On the other hand, some states apply their own criteria for Medicaid eligibility. These criteria differ from those used by the SSA. Such criteria may include: household size, household income, assets, age, and medical need. Residents of Connecticut, Hawaii, Illinois, Indiana, Minnesota, Missouri, New Hampshire, North Dakota, Ohio, Oklahoma, and Virginia must file an application for Medicaid separate from their application for SSI.

If you or someone you know is struggling with increasing medical costs due to an ongoing disability, please contact us today for a free case evaluation!

By: Nicole Hayes of Premier Disability Services, LLC®


Social Security Disability Benefits for Dependents

Posted October 16, 2017 by Premier Disability Services, LLC®

Around 4.4 million children receive approximately $2.5 billion each month because one or both of their parents are disabled, retired, or deceased. Those dollars help to provide the necessities of life for family members and help to make it possible for those children (dependents) to complete high school. When a parent becomes disabled or dies, Social Security benefits help to stabilize the family’s financial future.

Who can qualify?

Your child can get benefits if he or she is your biological child, adopted child, or dependent stepchild.

To get benefits, a child must have:

  • A parent(s) who is disabled or retired and entitled to Social Security benefits; or
  • A parent(s) who died after having worked long enough in a job where he or she paid Social Security taxes.

The child also must be:

  • Unmarried;
  • Younger than age 18;
  • 18-19 years old and a full-time student (no higher than grade 12); or
  • 18 or older and disabled (if the disability started before age 22).

How long do benefits continue?

Benefits stop when your child reaches age 18 (unless your child is a student or disabled).

If your child is a student: Three months before your child’s 18th birthday, Social Security will send you a notice that benefits will end at age 18 unless your child is a full-time student at a secondary (or elementary) school. If your child is younger than 19 and still attending a secondary or elementary school, he or she must notify Social Security by completing a statement of attendance that has been certified by a school official. The benefits then will usually continue until he or she graduates, or until two months after reaching age 19, whichever comes first.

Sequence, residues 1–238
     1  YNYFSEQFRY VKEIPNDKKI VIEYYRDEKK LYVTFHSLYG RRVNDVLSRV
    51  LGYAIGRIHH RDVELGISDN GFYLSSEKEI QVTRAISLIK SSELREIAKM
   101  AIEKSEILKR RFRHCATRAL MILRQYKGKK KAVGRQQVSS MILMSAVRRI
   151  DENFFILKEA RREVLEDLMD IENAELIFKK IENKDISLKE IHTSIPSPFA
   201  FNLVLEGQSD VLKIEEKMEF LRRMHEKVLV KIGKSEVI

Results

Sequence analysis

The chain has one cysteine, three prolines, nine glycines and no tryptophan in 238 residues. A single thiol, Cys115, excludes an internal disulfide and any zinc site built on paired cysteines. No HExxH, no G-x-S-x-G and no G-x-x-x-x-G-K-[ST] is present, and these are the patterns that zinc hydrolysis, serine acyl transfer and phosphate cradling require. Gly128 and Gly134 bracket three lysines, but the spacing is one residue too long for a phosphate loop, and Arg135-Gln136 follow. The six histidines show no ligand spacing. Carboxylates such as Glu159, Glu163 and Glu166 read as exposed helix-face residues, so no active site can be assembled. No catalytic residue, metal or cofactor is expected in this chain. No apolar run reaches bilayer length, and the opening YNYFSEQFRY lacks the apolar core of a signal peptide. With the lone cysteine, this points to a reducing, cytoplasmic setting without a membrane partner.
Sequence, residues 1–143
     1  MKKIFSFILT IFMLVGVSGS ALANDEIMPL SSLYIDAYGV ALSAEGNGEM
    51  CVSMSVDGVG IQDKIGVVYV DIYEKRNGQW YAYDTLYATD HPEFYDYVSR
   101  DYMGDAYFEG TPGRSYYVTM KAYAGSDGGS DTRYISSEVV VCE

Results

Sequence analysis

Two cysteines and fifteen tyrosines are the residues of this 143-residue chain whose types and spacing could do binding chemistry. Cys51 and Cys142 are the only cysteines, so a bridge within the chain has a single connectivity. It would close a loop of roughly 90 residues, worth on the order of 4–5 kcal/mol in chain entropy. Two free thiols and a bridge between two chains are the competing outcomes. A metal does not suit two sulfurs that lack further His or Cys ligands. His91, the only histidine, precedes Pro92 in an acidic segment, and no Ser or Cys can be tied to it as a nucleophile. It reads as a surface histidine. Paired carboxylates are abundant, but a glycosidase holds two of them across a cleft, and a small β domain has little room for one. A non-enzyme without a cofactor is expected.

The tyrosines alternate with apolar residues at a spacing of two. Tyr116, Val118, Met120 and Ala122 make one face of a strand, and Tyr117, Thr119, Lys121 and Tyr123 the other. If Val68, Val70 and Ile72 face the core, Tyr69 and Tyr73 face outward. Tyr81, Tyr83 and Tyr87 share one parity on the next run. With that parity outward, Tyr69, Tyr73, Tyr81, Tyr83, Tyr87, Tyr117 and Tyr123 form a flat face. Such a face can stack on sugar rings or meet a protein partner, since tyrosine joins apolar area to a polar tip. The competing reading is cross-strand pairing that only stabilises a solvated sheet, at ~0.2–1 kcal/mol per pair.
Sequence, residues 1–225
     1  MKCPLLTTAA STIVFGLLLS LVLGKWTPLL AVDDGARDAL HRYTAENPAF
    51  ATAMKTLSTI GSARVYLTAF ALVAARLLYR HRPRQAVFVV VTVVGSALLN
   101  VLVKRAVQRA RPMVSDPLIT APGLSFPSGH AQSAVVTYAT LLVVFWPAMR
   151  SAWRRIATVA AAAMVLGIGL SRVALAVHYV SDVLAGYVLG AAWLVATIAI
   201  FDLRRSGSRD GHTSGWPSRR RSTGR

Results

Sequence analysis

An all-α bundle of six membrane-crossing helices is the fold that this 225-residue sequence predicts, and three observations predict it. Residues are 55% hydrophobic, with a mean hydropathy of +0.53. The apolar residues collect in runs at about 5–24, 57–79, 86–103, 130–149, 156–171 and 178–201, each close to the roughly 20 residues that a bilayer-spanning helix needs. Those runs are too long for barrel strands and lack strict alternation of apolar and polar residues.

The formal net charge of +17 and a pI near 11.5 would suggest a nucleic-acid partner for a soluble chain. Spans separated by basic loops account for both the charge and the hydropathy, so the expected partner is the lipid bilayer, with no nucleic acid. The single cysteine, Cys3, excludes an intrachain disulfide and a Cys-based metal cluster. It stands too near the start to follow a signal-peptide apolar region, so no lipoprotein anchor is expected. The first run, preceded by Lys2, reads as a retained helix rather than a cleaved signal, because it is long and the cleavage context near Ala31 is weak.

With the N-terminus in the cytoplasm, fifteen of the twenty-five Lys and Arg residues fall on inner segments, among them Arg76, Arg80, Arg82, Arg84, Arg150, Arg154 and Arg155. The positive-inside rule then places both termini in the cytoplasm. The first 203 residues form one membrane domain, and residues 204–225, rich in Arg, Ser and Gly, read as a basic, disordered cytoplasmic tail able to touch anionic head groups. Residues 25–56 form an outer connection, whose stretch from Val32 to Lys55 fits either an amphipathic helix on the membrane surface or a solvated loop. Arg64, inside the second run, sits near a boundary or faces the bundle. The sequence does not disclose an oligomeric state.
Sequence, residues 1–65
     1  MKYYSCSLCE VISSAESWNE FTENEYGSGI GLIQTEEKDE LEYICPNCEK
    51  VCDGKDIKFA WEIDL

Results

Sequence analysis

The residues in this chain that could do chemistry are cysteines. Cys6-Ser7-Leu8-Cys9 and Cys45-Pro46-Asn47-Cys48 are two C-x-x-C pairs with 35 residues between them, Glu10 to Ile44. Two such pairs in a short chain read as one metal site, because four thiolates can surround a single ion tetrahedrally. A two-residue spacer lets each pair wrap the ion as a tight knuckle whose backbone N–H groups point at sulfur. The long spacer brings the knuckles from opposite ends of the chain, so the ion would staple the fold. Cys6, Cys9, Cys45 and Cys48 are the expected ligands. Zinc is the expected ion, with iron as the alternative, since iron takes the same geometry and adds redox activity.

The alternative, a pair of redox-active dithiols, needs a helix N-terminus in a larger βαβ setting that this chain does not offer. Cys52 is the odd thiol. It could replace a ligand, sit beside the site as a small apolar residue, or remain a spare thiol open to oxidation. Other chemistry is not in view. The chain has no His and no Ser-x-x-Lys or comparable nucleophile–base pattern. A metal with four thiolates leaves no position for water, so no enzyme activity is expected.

If your child is disabled: Benefits will continue at age 18 to a child who is disabled. Childhood disability benefits are also payable after attainment of age 18, if the disability began before the age of 22.

How much can a family get?

Within a family, a child may receive up to one-half of the parent’s full retirement or disability benefit, or 75 percent of the deceased parent’s basic Social Security benefit. However, there is a limit to the amount of money that can be paid to a single family. The family maximum payment is determined as part of every Social Security benefit computation and can be from 150 to 180 percent of the parent’s full benefit amount. If the total amount payable to all family members exceeds this limit, each person’s benefit is reduced proportionately (except the parent’s) until the total equals the maximum allowable amount.

If you or someone you know is unable to work due to a medical condition, please contact us for a free case evaluation!

Read more here:

By: Joyce Trudeau of Premier Disability Services, LLC®